Chechen rebels go kamikaze
Monday's suicide bombings on Russian troops hint at changes in Chechen tactics.
MOSCOW — Nine months after its military "antiterrorist" operation in Chechnya began, Moscow is reaping a bitter harvest in the breakaway Caucasus republic.
The reason: a strategic change in tactics by Chechen rebels.
Reeling under the pressure of overwhelming Russian force, Chechen resistance has mutated from conventional defense of positions to a hit-and-run guerrilla war - so effective in the previous 1994-1996 conflict - and is now unleashing Middle East-style tactics of suicide bombings against ill-prepared security forces.
Only the Russian military claimed to be surprised this week when a well-coordinated series of attacks by suicide truck bombers slammed into security checkpoints and a police dormitory in key Chechen cities, leaving an official toll of 33 soldiers dead and 84 injured. Eleven civilians were also reported killed.
The Army, which barely two weeks ago was declaring victory in Chechnya - not for the first time in the current campaign - reacted as it has after each of its frequent setbacks in recent months. Russian commander Gen. Gennady Troshev blamed "lax discipline" among the troops and ordered tough new security measures, including a shoot-on-sight curfew and harsh restrictions on civilian movements.
Most of the Russian forces killed in the attack are members of an elite police unit from the Urals city of Chelyabinsk, which this week will hold a mass funeral to be attended by national leaders and intensely covered by the media. In recent months almost a dozen Russian communities have suffered the same trauma, as rebels targeted troops with increasing ferocity
"This war is developing in the classic direction of 20th-century guerrilla struggles, from the Middle East to Northern Ireland," says Alexander Golts, military expert with the weekly Itogi newsmagazine. "The military will crack down harder, and that will lead to more savage and clever forms of terrorism. All this testifies that our leaders have learned nothing from world experience."
Since the beginning of the current campaign to suppress Chechnya's independence drive, experts have been warning that the war was unwinnable. Russian generals, still smarting from their defeat at the hands of Chechen irregulars in the 1994-96 conflict, have insisted that with greater and "smarter" application of force, the rebels could be smashed. As Chechnya's major cities fell, the Russian Army has repeatedly declared victory.
"The Chechens are reading from a different script," says Pavel Felgenhauer, a leading Russian military expert. "Their preference was to fight like a regular army, and they did so in the beginning. But a Russian force of 100,000 men, armed with modern heavy weapons, was too much for them. But there is a whole menu of alternative tactics, tested in world practice, for the Chechens to fall back on."
Although Chechens had never before employed the kind of suicide tactics displayed over the past month - and with brutal effectiveness in Monday's attacks - experts say suicide attacks will become a permanent part of their military repertoire. "We have two battalions numbering about 500 suicide bombers who are fully prepared and awaiting orders to carry out operations within Chechnya and throughout the rest of Russia," rebel spokesman Movladi Udugov told Agence France Press this week.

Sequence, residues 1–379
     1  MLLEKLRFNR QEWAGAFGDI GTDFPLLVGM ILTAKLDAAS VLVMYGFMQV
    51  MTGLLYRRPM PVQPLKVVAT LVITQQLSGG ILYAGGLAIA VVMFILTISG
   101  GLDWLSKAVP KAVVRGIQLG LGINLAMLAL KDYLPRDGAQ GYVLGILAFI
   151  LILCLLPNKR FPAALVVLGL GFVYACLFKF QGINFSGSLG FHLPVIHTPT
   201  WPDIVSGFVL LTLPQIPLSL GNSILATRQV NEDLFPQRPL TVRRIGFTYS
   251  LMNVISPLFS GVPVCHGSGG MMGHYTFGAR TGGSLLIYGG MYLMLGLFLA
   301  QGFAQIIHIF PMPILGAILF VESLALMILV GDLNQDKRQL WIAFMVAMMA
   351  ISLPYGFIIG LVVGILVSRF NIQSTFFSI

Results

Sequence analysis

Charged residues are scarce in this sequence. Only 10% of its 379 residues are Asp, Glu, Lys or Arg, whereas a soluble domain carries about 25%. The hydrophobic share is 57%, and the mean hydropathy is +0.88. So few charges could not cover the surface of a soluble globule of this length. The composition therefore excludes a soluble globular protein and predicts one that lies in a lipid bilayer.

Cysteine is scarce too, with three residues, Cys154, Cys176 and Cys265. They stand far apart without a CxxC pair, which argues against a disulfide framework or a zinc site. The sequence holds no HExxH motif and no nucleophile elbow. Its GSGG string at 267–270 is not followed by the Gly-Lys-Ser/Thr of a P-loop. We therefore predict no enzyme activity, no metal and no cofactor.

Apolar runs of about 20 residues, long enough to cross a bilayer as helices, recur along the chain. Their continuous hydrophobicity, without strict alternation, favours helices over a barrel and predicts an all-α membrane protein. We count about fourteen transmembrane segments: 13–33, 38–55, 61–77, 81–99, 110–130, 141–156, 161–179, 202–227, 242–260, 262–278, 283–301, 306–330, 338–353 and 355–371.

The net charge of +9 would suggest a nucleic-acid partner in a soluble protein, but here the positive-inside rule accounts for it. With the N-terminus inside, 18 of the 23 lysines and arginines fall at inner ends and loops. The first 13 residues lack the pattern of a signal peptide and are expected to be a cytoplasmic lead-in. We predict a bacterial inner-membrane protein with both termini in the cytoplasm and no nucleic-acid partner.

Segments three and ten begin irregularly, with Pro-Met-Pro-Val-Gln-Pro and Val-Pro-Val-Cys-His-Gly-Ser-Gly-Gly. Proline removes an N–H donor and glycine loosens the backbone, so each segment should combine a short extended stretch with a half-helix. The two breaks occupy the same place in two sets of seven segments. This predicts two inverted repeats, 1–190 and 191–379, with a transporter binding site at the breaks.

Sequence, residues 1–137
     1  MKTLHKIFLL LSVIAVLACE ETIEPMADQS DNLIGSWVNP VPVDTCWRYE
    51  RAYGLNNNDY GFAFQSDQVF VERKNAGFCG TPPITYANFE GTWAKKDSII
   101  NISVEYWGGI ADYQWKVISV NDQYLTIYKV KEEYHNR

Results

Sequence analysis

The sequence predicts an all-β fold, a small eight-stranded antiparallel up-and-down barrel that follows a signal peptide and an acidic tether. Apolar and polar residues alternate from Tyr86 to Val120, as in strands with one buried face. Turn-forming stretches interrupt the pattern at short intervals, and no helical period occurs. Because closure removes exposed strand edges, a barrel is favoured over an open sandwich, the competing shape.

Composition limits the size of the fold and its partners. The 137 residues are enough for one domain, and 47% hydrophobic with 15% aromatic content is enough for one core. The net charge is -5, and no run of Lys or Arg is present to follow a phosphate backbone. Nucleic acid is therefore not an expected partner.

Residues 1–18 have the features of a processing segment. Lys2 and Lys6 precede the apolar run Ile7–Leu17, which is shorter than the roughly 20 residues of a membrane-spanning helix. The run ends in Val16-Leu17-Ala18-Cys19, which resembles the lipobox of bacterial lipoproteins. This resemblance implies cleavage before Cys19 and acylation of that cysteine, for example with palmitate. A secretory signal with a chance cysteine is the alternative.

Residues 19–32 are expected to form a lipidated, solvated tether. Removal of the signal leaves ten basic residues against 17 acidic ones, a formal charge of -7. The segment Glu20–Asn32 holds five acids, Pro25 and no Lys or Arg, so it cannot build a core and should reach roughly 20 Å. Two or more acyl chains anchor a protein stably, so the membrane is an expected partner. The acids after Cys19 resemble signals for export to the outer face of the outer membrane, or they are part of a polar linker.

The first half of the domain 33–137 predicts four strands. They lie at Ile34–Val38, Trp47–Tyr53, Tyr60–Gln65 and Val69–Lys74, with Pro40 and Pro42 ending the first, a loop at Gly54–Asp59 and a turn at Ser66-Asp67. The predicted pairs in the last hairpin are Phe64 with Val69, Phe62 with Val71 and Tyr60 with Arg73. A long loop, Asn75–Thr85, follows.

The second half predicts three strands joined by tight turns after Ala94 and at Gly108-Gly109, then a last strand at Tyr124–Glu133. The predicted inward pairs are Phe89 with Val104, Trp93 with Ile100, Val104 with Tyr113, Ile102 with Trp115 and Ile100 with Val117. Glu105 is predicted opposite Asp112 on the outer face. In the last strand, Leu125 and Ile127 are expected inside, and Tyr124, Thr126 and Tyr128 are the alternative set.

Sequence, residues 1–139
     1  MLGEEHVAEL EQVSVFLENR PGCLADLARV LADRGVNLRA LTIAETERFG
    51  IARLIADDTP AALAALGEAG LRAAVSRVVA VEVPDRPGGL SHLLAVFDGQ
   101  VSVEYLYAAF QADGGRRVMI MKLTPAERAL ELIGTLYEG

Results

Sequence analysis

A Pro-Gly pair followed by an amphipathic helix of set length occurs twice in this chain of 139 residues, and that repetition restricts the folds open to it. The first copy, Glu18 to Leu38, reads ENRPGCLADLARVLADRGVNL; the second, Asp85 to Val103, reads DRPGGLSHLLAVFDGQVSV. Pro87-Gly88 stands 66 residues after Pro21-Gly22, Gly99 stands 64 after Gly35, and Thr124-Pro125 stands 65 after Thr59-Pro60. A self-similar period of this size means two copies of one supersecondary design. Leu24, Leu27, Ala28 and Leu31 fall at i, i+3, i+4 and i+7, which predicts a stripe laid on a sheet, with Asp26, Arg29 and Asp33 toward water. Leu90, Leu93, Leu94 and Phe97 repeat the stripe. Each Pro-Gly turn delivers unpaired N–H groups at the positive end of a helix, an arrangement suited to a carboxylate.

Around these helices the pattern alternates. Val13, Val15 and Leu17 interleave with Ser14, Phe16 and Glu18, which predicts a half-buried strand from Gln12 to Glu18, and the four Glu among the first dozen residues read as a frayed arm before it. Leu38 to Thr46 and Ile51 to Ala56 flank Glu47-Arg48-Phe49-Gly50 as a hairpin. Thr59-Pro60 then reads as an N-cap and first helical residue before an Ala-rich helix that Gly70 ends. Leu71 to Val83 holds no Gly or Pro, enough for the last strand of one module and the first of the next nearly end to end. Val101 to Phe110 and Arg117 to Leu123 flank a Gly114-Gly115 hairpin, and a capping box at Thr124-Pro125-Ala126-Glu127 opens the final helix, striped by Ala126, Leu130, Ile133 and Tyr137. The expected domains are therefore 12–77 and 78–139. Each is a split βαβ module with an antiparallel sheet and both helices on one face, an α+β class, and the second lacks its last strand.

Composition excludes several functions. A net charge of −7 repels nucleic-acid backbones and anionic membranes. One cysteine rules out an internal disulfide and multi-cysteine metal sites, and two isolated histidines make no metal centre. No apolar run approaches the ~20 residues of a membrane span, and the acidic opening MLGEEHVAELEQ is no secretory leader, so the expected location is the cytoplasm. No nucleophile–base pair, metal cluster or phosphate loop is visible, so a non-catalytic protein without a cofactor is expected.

Incidentally, it was the bombings on civilian targets across Russia last year that triggered the Russian offensive. "The generals are saying they can manage this new problem with heightened security and vigilance, but in sad reality our military is vulnerable everywhere," says Mr. Felgenhauer. "The Army is bankrupt, corrupt, and lackadaisical in everything it does. There is no way to protect all the military bases, lines of communication, and personnel everywhere in Russia. We are wide open."
The turn to kamikaze terrorism was predicted by Russian experts who point out that many Chechen fighters, influenced by Islamic belief in martyrdom, have long worn the green headbands that proclaim a readiness to die fighting. "The leap to organized suicide bombing is new, but not strange," says Alexander Iskanderyan, director of the Institute of Caucasian Studies in Moscow and one of Russia's leading authorities on the region. "Chechnya is on the frontier of the Islamic world, so we can expect the Chechen fighters to adapt tactics used by others. We've seen all this before in Beirut, for instance."
Mr. Iskanderyan says the "kamikaze subculture" will rapidly proliferate among angry and vengeful young Chechens. "They are a very receptive population," he says. "They've all lost friends and relatives. They feel their land is occupied and oppressed. This way of fighting back will take hold of their imaginations quickly."
Experts warn that this stage can last for years, or decades. "Let's call it a deadlock," says Mr. Golts. "Neither the Russian Army nor government has any kind of exit strategy for this war, so we can expect them to just go on reacting to events. As for the Chechens, they can be counted on to find more and more imaginative ways to remind us that this war cannot be won."
Meanwhile, a political solution seems more distant than ever.
"I do not believe the will or the wisdom exists in the Kremlin today to take the necessary measures," which would involve negotiating with Chechen "terrorist" leaders and perhaps granting the breakaway republic some form of independence, says Mr. Iskanderyan.
"Our current leaders have invested their reputations in an impossible outcome, a military solution to Chechnya. Unfortunately I cannot imagine these people rising to the challenge of ending this war."
(c) Copyright 2000. The Christian Science Publishing Society